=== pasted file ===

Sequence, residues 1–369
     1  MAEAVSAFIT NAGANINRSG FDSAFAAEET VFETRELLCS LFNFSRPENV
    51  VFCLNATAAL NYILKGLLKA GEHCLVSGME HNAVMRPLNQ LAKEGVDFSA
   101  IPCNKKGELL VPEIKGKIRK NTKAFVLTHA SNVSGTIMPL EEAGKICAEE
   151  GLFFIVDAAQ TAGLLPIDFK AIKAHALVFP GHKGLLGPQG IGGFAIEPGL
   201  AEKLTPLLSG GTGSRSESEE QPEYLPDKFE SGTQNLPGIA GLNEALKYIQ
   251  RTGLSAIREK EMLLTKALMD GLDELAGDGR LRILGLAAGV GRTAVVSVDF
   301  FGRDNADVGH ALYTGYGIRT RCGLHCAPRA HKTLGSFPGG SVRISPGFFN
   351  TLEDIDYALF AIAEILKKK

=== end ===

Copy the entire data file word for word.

Sequence, residues 1–369
     1  MAEAVSAFIT NAGANINRSG FDSAFAAEET VFETRELLCS LFNFSRPENV
    51  VFCLNATAAL NYILKGLLKA GEHCLVSGME HNAVMRPLNQ LAKEGVDFSA
   101  IPCNKKGELL VPEIKGKIRK NTKAFVLTHA SNVSGTIMPL EEAGKICAEE
   151  GLFFIVDAAQ TAGLLPIDFK AIKAHALVFP GHKGLLGPQG IGGFAIEPGL
   201  AEKLTPLLSG GTGSRSESEE QPEYLPDKFE SGTQNLPGIA GLNEALKYIQ
   251  RTGLSAIREK EMLLTKALMD GLDELAGDGR LRILGLAAGV GRTAVVSVDF
   301  FGRDNADVGH ALYTGYGIRT RCGLHCAPRA HKTLGSFPGG SVRISPGFFN
   351  TLEDIDYALF AIAEILKKK